The first of two approvals has come on the permit needed to begin work that will over the next few years transform 3.4 acres on Highway 101—the long-disputed “gateway” parcel at Solana Beach’s northern edge—from an abandoned gas station teeming with invasive plants into an ecological oasis whose backstory is at the heart of city history.
The San Elijo Lagoon Conservancy got a unanimous go-ahead from the city council on Feb. 28 for the permit needed to build an observation deck, donor monument and educational kiosk within a 2,080-foot network of trails on the property, which is now known as Harbaugh Seaside Trails.
No lighting, restrooms or parking are included in the designs. A 780-foot trail extension will head south out of Harbaugh and connect with the Coastal Rail Trail, creating an unbroken chain through Solana Beach and into the San Elijo reserve’s seven miles of trails.
The picturesque spot, poised atop a gently sloping mesa with panoramic views across San Elijo Lagoon and into Cardiff, had been the object of developers’ desires dating back to the middle of last century, when the lagoon was being eyed for a luxury marina with 750 homes.
Plans for an eight-story hotel emerged in the early 1980s, prompting neighbors and activists to realize they needed to seize control over land-use decisions. The city incorporated in 1986 and squashed the proposed hotel. Nearly two decades later, many of the same voices fought off a new proposal to turn what was then known as Gateway Park into a complex of hotel rooms, condominiums and a restaurant.
Former Mayor Tom Golich recalled last week that when he joined the city council in 1998, a group of Canadian investors were in town trying to make sense of why the ideally situated property had never been developed.
“Fortunately, the citizens of Solana Beach threw enough rubbish in the way to stop anybody from doing anything,” Golich said. “It’s ended up being a great project … and if there ever was a slam dunk of doing something in the city of Solana Beach, this is it.”
The activists’ crowning moment came in December 2011, when the conservancy borrowed $3.75 million and put it toward buying the parcel. The ensuing campaign to pay the conservancy back drew some 1,200 donations, from school children who emptied out their piggy banks to a $1.15 million grant from the George and Betty Harbaugh Charitable Foundation, for whom the land is now named.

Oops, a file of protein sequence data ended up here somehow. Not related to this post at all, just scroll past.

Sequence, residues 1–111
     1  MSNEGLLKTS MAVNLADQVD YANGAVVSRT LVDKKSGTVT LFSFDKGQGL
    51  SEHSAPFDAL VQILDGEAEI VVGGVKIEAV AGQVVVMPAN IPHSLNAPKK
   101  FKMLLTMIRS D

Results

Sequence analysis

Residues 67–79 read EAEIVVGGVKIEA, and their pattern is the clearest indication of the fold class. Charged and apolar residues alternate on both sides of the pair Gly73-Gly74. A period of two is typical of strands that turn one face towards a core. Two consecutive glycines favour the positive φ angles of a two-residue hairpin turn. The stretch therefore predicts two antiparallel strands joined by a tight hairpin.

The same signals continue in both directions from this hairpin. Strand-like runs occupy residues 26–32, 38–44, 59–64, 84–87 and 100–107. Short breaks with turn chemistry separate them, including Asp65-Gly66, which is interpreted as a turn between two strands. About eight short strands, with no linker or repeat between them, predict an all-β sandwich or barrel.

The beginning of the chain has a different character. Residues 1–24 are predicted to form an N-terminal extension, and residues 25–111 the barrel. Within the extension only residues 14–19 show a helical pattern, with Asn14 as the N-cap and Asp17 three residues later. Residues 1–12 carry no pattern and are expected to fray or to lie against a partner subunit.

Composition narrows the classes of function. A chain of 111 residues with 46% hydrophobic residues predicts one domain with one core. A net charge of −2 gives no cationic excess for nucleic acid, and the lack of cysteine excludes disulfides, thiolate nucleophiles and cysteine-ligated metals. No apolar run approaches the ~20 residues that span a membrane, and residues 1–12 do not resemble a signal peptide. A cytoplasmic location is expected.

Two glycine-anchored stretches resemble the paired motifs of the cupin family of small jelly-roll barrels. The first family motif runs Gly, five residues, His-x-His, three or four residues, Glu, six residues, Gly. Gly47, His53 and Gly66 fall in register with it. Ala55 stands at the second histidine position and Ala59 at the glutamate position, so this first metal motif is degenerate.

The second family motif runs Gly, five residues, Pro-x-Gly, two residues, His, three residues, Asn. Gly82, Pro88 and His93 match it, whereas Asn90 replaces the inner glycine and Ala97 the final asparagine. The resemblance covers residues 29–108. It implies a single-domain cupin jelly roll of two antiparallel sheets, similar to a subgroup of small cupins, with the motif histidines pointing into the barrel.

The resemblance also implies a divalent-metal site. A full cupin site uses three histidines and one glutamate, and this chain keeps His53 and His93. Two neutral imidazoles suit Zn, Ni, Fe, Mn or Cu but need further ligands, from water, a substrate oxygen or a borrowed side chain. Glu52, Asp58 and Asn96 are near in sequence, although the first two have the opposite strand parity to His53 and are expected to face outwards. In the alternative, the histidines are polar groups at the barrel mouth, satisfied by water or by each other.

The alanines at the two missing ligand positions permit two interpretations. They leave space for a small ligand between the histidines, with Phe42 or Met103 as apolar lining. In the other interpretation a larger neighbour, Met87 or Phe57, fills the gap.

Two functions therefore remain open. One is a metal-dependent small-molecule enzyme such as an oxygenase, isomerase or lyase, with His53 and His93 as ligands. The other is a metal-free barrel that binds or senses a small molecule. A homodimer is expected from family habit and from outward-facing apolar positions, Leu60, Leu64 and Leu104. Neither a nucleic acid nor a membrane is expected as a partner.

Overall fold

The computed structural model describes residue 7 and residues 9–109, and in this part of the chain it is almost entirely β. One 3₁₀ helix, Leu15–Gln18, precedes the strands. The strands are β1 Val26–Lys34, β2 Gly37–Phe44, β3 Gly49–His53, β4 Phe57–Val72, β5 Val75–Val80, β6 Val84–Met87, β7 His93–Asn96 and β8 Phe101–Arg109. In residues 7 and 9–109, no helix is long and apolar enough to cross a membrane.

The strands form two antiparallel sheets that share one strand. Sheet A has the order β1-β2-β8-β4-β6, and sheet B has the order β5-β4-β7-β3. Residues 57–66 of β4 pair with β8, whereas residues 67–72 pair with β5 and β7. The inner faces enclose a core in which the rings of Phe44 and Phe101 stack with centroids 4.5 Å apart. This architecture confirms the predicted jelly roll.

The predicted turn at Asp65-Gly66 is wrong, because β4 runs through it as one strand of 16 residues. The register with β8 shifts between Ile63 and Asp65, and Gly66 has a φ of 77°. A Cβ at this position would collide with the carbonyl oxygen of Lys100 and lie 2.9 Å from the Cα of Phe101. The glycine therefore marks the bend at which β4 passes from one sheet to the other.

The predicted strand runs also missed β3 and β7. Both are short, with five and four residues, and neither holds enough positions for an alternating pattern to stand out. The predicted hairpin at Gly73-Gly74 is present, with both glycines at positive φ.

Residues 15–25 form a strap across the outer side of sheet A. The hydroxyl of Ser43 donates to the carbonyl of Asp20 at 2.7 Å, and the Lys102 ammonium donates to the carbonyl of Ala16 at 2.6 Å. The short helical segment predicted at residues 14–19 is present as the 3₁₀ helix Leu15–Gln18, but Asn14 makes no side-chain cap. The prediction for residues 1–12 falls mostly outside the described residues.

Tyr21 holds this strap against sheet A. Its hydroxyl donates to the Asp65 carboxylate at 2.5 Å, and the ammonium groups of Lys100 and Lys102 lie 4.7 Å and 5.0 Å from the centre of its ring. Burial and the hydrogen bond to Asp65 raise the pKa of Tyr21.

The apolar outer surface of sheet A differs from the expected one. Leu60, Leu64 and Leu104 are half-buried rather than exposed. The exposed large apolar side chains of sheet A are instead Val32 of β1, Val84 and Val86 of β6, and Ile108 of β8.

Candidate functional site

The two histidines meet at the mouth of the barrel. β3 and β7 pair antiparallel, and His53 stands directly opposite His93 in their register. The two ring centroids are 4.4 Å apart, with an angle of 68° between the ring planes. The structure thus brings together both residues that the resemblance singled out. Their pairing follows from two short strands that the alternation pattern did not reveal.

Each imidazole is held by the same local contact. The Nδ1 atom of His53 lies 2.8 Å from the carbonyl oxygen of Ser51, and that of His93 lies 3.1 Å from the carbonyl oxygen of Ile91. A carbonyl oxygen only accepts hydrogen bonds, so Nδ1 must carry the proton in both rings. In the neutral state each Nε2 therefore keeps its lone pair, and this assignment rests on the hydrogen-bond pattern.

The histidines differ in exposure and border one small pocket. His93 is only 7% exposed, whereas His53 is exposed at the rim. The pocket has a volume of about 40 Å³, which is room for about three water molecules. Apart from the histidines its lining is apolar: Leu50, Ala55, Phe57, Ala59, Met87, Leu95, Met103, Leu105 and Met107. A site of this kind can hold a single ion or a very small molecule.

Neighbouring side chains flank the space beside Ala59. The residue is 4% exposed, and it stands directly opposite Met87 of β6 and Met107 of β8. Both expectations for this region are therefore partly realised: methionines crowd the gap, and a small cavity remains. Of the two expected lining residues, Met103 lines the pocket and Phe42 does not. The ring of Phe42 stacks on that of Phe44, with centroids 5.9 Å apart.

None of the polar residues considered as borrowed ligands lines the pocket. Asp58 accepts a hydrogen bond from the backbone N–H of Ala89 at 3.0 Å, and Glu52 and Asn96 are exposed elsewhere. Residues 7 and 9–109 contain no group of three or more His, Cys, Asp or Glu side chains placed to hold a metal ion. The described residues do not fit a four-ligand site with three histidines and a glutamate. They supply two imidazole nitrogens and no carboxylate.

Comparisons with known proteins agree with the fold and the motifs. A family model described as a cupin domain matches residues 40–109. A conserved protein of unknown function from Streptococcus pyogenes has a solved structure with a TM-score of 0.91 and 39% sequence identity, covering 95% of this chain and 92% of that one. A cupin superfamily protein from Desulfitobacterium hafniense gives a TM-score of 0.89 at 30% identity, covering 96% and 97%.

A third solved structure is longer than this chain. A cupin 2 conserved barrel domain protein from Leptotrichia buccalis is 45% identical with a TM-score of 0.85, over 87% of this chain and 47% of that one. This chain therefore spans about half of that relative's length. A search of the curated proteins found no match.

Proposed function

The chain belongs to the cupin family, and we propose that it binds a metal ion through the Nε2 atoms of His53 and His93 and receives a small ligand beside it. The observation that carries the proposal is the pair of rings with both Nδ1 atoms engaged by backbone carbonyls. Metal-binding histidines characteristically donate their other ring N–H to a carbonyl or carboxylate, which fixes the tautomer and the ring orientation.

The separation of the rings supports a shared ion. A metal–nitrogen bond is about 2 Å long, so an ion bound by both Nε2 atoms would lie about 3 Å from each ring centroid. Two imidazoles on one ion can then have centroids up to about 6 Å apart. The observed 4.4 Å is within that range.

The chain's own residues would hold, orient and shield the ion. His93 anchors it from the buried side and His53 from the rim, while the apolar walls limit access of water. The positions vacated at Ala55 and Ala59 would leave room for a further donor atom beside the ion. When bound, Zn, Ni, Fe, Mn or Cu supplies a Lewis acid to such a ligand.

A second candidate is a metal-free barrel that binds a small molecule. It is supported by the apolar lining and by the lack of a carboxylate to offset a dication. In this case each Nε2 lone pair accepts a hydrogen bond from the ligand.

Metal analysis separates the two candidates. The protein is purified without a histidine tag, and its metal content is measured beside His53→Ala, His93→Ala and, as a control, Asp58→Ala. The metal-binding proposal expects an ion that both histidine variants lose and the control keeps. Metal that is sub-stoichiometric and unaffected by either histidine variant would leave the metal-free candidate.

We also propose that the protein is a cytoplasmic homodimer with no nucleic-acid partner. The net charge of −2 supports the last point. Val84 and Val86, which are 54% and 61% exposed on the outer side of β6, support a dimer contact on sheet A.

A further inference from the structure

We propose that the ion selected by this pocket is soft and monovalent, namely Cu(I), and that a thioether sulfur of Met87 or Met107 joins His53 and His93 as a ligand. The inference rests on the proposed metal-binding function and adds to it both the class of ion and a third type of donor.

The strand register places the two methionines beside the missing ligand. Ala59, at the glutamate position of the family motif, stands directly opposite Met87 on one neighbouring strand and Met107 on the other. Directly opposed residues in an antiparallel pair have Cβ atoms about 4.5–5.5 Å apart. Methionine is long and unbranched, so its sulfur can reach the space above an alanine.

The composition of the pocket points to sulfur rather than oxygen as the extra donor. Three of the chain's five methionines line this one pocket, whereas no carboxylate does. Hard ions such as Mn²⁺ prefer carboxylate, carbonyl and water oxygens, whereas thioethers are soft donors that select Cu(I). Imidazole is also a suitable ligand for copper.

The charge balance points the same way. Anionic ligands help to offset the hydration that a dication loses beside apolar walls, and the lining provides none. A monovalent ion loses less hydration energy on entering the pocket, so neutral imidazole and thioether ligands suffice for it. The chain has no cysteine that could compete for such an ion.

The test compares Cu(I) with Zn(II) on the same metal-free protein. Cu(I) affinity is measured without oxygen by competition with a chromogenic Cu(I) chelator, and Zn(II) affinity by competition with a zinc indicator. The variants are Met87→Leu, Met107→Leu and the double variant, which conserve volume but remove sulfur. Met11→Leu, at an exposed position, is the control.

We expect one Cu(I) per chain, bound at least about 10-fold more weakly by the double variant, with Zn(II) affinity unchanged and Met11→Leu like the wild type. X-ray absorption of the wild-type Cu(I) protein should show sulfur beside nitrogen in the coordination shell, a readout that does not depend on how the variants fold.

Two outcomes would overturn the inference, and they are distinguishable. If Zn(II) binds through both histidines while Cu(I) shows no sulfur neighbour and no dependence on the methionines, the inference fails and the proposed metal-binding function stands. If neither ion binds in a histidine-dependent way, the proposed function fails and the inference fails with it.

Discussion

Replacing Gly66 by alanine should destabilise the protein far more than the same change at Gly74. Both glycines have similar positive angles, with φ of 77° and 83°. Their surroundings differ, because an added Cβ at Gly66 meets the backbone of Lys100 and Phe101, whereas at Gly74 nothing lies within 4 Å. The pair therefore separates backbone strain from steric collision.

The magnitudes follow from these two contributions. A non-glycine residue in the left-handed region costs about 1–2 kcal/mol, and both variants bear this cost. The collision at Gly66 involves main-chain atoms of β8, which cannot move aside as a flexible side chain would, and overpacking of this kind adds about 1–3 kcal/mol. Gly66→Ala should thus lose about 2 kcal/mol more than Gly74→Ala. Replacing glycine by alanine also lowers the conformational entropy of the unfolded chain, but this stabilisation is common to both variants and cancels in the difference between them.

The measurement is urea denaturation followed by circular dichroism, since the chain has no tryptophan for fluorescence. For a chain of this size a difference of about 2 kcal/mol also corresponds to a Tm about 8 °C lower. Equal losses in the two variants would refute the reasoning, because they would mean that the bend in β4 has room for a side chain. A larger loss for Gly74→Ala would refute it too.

Those donors take top billing in Harbaugh’s construction plan. The centerpiece of Rich Risner’s vision is a circular, waist-high plaza ringed with donor tiles and benches designed by Del Mar artist Betsy Schulz. A handful of donor tiles are available.
Construction of the monument will begin once the project wins its expected approval from the California Coastal Commission, which could come as early as May. Solana Beach will be a co-applicant because the final $1 million needed to repay the conservancy came through a Caltrans grant to the city as mitigation for double-tracking the railroad.
“We’re pretty set to go with starting the actual work as soon as we get the Coastal Commission’s approval,” said Jennifer Bright, the conservancy’s director of development.
The monument is expected to take nine months to finish, Bright said. Work on the trail system will have to wait more than a year before getting underway. Funding is still needed for the habitat restoration, which will divide the land into quadrants focused on different ecological systems—maritime scrub in the southern quadrant, maritime chaparral in the east, maritime succulent in the northeast and coastal dune in the northwest.
Building the trails is contingent on Caltrans’ work on the railroad.
“They’re not supposed to finish up their project until 2020, but I don’t think we’re going to wait quite that long to start the trails,” Bright said. “I would hope that we would be able to have a groundbreaking on the trail component by the end of 2019, beginning of 2020.”
For a closer look at Harbaugh’s designs, go to www.sanelijo.org/seasidetrails.